The Oklahoma-born Little was already a stage star at the time he walked Super Soul’s dog to the KOW radio booth in Goldfield, Nevada, having won a Tony Award in Ossie Davis’ Purlie just one year after making his Broadway debut. Vanishing Point was only his third credited screen role, his charismatic energy a contrast to Barry Newman’s taciturn Kowalski, whom Super Soul dubs “the last American hero.” Continue reading
Sidney Poitier as Matt Younger, widowed father and clinic physician
London, Summer 1972
Film: A Warm December
Release Date: May 23, 1973
Director: Sidney Poitier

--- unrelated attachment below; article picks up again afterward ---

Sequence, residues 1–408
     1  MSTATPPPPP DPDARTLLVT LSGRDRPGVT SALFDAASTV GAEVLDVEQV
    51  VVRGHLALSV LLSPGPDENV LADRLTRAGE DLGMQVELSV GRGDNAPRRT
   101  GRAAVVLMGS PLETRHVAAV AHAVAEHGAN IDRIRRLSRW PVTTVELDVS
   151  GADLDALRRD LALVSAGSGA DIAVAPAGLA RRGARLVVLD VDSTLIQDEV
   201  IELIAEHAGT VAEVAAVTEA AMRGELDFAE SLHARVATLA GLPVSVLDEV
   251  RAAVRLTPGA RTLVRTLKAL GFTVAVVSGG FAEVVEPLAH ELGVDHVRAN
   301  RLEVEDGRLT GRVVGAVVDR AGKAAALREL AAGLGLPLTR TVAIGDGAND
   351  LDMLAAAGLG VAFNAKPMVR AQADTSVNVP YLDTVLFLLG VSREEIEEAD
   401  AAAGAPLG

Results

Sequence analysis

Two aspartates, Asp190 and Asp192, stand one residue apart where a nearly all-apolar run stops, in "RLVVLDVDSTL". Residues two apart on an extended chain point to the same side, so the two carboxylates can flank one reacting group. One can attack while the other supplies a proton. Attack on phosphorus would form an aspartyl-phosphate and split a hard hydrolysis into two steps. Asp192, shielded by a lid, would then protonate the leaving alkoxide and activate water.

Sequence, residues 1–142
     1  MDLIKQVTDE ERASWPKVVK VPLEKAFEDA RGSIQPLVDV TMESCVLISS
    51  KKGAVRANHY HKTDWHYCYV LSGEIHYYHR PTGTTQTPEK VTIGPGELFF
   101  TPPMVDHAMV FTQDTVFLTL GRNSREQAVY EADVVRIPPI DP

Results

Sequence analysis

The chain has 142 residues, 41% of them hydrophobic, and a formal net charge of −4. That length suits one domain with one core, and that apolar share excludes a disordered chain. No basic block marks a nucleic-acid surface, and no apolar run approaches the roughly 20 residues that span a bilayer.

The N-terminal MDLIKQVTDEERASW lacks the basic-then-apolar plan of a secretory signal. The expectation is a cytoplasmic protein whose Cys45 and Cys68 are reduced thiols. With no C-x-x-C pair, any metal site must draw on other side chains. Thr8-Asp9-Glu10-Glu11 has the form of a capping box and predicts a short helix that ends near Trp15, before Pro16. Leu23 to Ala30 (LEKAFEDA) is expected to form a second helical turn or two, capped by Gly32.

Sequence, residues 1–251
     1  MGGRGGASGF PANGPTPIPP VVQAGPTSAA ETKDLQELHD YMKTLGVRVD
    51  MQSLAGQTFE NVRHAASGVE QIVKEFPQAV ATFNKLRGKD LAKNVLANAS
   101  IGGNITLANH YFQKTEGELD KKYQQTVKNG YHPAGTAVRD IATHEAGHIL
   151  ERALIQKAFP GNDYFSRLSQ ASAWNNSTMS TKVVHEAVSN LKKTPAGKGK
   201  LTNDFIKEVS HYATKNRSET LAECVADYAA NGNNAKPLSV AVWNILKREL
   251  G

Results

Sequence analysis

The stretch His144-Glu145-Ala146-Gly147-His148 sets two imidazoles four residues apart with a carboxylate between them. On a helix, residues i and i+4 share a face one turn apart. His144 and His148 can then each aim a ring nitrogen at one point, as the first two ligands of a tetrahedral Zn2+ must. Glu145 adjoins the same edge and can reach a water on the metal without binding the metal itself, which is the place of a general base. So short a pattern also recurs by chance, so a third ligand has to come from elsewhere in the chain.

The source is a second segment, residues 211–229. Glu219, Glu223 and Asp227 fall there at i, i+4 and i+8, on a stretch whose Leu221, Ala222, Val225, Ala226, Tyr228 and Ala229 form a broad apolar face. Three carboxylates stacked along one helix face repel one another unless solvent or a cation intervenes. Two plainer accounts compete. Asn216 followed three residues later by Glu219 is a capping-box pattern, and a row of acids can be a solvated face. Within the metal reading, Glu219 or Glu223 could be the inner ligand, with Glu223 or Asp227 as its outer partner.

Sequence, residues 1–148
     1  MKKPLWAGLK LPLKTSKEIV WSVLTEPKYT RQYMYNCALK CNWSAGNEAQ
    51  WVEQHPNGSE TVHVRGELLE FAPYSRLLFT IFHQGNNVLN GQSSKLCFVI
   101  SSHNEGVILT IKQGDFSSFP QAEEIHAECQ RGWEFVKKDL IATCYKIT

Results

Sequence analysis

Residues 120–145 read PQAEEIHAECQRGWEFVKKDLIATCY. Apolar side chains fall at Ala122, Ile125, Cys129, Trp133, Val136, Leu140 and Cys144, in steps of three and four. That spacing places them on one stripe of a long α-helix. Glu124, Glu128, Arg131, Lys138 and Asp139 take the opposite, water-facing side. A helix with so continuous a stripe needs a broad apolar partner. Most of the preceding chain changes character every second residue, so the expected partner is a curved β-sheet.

Wardrobe Supervisor: John Wilson-Apperson
Happy birthday to screen legend Sidney Poitier, born 94 years ago today on February 20, 1927 in Miami. After two decades of screen success that landed him the Academy Award for Best Actor (and he remains both the oldest living and longest surviving recipient), Poitier began directing his own movies in the early 1970s, beginning with the groundbreaking 1972 Western Buck and the Preacher.
Poitier proved the diversity of his directorial talent by sliding to the other end of the genre spectrum the following year when he released the romantic drama A Warm December, in which he also starred as a recently widowed doctor who finds love across the Atlantic when he meets the magnetic Catherine (Esther Anderson) during an extended trip to London with his daughter.
Ken Takakura as Ken Tanaka, disciplined ex-Yakuza
Kyoto, Japan, Spring 1974
Film: The Yakuza
Release Date: December 28, 1974
Director: Sydney Pollack
Costume Designer: Dorothy Jeakins